Nah they are racqueterers in my book, take your money and don’t want to pay you, even with 7 doctors saying you can’t work. They wouldn’t say what proof they needed. They wouldn’t even see me themselves during the appeals process.
I fought hard for SSDI too and finally got approved before the hearing but too late to save our home and half of our belongings. That’s before the assistance for rearraing mortgages became popular with the 2009 devastating economy crash.
Now COVID l long haulers have to worry about getting help through these entities. They’re also going to get screwed by the NIH along with bad information and lack of support for a cure.
If an antidepressant and other off label use medications don’t help or make them worse. They will be in the same boat as us. Going from Dr to Dr trying to find a way back to their active lives.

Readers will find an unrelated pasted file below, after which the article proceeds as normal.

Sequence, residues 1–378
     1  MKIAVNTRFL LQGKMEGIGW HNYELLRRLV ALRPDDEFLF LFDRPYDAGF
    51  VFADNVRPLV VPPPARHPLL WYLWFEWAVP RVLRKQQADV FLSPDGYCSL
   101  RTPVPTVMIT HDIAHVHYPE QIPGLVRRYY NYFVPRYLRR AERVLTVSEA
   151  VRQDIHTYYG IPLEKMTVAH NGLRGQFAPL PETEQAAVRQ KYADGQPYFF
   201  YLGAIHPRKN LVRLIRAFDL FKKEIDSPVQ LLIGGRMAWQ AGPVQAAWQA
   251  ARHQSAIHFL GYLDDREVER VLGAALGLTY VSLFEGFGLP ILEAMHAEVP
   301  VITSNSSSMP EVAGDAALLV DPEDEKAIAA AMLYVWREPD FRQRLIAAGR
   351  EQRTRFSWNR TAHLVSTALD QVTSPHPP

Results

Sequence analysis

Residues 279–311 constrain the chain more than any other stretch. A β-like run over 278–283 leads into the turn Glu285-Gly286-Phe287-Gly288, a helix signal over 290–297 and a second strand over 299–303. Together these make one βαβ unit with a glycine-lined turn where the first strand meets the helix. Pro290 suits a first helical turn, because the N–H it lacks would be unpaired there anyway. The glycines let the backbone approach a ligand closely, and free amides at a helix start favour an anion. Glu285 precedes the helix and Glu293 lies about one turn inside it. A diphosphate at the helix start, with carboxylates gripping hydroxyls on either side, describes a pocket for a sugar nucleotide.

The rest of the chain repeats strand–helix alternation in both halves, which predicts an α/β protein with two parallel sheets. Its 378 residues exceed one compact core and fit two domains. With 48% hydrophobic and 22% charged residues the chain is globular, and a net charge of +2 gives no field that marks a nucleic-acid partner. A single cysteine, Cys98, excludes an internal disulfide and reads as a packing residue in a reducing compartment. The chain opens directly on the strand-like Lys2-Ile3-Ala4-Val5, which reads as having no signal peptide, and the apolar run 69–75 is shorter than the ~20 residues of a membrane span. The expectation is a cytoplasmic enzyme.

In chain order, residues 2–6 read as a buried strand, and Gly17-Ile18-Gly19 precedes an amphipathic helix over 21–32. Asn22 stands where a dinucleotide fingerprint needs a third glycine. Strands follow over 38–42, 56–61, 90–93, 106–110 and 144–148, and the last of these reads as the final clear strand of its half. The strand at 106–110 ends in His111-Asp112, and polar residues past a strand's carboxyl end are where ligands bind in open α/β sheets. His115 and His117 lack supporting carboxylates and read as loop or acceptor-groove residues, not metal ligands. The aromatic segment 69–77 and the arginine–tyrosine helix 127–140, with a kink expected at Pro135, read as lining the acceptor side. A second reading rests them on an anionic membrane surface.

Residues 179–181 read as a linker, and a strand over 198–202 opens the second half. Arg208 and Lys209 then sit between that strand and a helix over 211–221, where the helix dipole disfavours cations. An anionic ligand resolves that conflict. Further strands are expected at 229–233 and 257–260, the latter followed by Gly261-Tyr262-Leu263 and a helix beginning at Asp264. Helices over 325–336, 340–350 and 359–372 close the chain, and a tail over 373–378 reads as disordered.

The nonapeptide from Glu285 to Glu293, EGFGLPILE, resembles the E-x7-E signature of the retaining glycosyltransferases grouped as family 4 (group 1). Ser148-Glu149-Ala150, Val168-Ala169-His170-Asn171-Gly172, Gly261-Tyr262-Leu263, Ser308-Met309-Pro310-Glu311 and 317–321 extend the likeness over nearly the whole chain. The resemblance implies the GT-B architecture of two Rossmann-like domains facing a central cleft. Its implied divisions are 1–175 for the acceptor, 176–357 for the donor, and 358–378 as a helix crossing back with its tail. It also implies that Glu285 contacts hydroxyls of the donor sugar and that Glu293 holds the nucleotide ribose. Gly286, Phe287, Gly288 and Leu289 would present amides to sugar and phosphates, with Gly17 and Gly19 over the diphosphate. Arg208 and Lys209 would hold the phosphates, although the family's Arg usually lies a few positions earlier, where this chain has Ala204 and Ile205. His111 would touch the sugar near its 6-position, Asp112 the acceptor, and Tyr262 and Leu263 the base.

The only drs that truly could help. I believe, is a functional medicine dr who can find underlying infections or abnormal immune responses in our organs and cells that don’t show up on traditional labs.
They also do not take insurance. So, $10,000 would be standard of care including traveling and lodging. Not gonna happen to someone on disability, and not rich or at the least have good credit. Credit cards are not for people with limited income and can barely afford rent or a buy from owner, low income small trailer, to live in.
I would love for the NIH to get hold of those drs that are succeeding, according to their patient testimonials, and assess these tests and treatments aimed at each individual to make that a standard of care for invisible diseases that befuddle the traditional medical community.